Review: Frost / Cert: 15 / Director: Reynir Lyngdal / Screenplay: Jon Atil Jonasson / Starring: Bjorn Thors, Anna Gunndis, Helgi Bjornsson, Valur Freyr Einarsson / Release Date: February 10th
Given that Iceland’s most distributed film of all time is 2009’s Reykjavik Whale Watching Massacre, it’s no surprise that RWWM’s producers Julius Kemp and Ingvar Thordarson are trying to recreate that film’s success with another horror feature, working with director Lyngdal to bring us Frost.
The story here centres on Agla (Gunndis) and Gunnar (Thors), a couple who find themselves stranded, alone and spooked, atop a glacier. Agla is a researcher and, along with some colleagues, has been carrying out work on the glacier, whilst Gunnar is her filmmaker partner who has come to visit her. Events take a sinister turn when erratic flashing lights appear in the sky and strange, aggressive rumblings emanate from the treacherous depths below them. Things only get creepier when they finally manage to find some of Anna’s colleagues, who happen to have blood pouring from their noses and are acting a tad peculiar.
Unfortunately, what is a visually stunning film – it was filmed on an actual glacier, y’know? – with an interesting premise is often let down by a flat story and the found footage shooting technique at its worst. It’s fair to say that the way Frost is shot assaults your sense, but not in a good way. Rather than feeling uneasy, on edge and awaiting slow, peek-through-your-fingers reveals, the viewer is more likely to experience extreme motion-sickness thanks to the distinct absence of terra firma.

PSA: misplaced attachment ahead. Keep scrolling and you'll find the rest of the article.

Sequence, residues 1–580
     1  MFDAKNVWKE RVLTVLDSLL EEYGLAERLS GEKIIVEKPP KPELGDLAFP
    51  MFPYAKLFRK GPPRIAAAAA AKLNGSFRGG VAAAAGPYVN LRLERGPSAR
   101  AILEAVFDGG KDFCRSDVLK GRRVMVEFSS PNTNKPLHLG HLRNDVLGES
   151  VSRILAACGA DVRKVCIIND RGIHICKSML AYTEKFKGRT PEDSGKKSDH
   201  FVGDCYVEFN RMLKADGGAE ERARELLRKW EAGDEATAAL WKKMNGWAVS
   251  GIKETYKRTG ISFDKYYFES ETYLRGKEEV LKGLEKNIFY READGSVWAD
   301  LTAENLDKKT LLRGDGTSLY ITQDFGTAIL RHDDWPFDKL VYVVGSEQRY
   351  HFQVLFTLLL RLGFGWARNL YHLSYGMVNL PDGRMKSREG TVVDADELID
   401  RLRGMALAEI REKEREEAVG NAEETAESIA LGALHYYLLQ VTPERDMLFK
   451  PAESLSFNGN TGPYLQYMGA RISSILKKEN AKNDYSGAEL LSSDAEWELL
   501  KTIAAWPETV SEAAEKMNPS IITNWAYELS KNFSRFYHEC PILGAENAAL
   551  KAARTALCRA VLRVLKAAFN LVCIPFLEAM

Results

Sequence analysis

Whilst the film does start promisingly enough, the filmmakers seem as lost as those on screen. Even though Frost clocks in at around the 1 hour 15 minute mark, you’d be forgiven for thinking you’d been dragged in for Peter Jackson’s The Lord of the Rings trilogy; it just seems drawn out, dull and energy-sapping.
In terms of positives, as mentioned, some of the scenery is beautiful to look at, and there’s a nice score to accompany the sombre mood of the picture. The performances are also decent enough, particularly from Gunndis and Thors as the film’s leads, but you just feel as if they’re fighting an uphill battle.
If you like uninspired, uneventful, nicely-set films that seem to spend the majority of their time using shaky cam shots of lost Norwegians shouting “hello?”, then Frost may be for you. For everyone else, there are a lot better movies out there, Renny Harlin’s The Dyatlov Pass Incident for one.
Extras: Making Of